DK: We won one India Star Award and two SIES Star Awards for WPP bags. We did spot, matt and gloss on the bags. We won awards for special features in addition to window metalised film on WPP bags. WPP rice bags always have a window.

The WPP bags manufacturing is largely unorganised. Most WPP bags manufacturers have expertise in bag making but not in printing and converting. As our specialisation is printing and conversion, our WPP bags stands out in the market.

RK: Your investments/ developments in the last three years?

DK: We are growing at CAGR of 17-18% annually. This requires a huge amount of investment and focus on all our divisions. In the last three years, we have invested in new blown film plant from W&H, and many lamination and coating machines to increase the overall production capacity and offer value-added features to our products.

Our CPP film is also doing well. Before we came in, no one was doing an organised bulk production of CPP film. The existing organised players were not producing enough to feed the market. We came in an organised way and thanks to the quality of our films, the product took off immediately. Today, we have exceptional CPP products, like 15 micron metallised CPP film, which is not available anywhere else.

Recently, we developed a holographic CPP film. We could develop the film because we have CPP film manufacturing and wide web holography under one roof.

We have also developed low SIT CPP film. Normally, SIT of CPP films is 120-130 degree but our CPP film’s SIT is 95 degree. The reduced temperature required to seal increases the speed of the packaging machine. For example, if we use CPP films in candy packaging and if the speed of candy packaging machine is too fast, say 1,000 candies per minute, we need a film which seals very fast, within a fraction of a second. The low SIT CPP film comes handy in such a situation.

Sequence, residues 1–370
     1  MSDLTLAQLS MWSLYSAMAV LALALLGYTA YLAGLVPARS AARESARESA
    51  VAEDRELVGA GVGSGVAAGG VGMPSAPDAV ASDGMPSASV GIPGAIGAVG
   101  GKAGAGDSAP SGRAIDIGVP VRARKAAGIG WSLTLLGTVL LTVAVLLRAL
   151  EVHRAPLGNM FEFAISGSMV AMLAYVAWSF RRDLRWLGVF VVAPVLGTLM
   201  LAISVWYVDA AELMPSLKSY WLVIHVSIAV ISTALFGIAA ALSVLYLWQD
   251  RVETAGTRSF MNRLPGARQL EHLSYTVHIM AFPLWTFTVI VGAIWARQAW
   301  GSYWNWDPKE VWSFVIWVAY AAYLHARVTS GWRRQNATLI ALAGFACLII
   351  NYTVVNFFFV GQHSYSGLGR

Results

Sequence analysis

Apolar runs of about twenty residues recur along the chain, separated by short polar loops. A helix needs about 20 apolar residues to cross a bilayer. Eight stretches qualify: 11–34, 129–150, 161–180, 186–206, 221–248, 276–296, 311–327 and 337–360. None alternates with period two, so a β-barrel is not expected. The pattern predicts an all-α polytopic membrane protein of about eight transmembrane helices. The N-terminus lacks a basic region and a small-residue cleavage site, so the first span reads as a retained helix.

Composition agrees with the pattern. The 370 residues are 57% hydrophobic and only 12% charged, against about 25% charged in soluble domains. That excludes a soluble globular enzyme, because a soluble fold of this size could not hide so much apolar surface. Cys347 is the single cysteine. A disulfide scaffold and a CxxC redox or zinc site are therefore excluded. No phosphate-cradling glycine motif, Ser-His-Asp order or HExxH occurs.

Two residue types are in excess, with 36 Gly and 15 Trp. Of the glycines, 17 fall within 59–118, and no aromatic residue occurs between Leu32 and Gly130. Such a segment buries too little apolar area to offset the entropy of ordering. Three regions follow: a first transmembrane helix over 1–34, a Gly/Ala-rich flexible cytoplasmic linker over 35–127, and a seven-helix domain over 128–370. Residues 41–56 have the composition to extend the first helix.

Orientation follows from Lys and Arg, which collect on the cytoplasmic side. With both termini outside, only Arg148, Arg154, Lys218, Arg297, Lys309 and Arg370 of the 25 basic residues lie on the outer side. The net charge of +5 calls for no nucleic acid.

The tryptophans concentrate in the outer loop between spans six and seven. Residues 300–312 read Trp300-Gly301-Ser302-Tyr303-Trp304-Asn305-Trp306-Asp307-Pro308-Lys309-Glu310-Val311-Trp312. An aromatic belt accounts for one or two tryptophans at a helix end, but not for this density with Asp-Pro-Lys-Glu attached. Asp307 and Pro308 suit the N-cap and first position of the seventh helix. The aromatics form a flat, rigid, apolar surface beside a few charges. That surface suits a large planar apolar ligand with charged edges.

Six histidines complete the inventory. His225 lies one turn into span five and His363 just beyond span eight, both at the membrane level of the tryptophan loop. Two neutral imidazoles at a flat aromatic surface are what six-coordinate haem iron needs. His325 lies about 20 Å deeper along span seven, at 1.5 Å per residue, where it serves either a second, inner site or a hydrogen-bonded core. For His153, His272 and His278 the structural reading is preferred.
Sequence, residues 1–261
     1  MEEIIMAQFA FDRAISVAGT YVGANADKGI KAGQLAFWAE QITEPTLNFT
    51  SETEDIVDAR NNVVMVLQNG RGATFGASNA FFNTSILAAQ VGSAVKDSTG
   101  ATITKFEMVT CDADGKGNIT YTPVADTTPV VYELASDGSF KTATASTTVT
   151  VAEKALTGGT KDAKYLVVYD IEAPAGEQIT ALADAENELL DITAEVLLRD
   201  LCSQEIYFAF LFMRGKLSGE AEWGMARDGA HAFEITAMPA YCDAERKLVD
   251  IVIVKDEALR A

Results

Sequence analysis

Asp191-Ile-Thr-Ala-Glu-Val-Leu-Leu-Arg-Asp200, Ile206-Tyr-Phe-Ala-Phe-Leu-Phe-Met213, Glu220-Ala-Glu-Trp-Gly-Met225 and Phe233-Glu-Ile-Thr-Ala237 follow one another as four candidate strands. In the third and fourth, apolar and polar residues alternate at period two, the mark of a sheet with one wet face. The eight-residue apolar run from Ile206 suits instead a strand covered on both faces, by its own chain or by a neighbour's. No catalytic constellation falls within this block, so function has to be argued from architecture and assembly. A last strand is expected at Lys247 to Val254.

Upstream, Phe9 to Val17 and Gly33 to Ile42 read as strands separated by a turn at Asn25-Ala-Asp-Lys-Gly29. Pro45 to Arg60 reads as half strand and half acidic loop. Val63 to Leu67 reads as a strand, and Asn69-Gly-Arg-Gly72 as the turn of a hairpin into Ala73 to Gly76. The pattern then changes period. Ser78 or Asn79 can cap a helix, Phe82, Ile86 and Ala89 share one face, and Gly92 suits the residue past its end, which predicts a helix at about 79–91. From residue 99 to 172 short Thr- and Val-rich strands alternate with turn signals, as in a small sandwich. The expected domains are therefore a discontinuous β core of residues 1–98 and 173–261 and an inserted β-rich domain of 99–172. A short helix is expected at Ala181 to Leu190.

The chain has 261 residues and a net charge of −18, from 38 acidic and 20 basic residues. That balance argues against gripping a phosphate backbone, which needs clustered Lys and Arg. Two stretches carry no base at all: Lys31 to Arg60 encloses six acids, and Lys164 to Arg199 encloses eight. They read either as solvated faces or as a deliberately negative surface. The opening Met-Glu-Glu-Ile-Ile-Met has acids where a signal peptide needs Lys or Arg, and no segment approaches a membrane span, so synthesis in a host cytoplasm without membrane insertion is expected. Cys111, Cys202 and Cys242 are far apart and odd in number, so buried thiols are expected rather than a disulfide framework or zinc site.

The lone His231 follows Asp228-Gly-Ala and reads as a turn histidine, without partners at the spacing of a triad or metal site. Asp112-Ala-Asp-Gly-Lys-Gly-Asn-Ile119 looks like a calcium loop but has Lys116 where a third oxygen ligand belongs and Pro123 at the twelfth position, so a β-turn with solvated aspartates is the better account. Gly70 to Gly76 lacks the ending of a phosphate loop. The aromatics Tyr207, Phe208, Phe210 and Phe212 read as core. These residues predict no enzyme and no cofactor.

Couple of months ago, we developed extrusion grade metallised CPP films. Up till now, CPP film was not successful in extrusion lamination. There were delamination and bond issue but we developed specialised CPP film, which is doing very well in extrusion lamination.

RK: How do you provide complete solutions, especially concerning filling and sealing machines?

DK: We do not manufacture such machines, but we have a couple of partners who do it for us. You have to be a complete solution provider. Otherwise, the blame-game on variables would never stop. There are too many variables in the printing and packaging process. You have to consider the machines as well. For example, if you provide world-class laminates and if those laminates run on the low-quality machine, then it’s of no use.

RK: Any plan to manufacture these machines in-house?

DK: No. We are not thinking in that direction for the moment, at least for the next couple of years.

We will only consider manufacturing such machines if we can develop better products compared to existing ones in the market. If we are doing the same things others are doing, then what is the use? Our forte is packaging, not machinery at the moment. Our concentration will be in two individual segments and I would not be able to do justice to either. One should do what one is good at.

RK: Your best practices as a converter?

DK: Let’s talk about rotogravure. We have the complete set-up and supply rotogravure cylinders all over the country. We have the complete control on the cylinders, especially in terms of designing. We eliminate all outsourcing. Since no design goes out, there is no chance of a breach of trust. If someone gives us a design, it is never out of our ambit.

RK: In printing particularly?

DK: At the moment, we have all European machines. We have a lot of integration between the cylinder team, printing team and ink team, which is not possible unless you have everything in-house.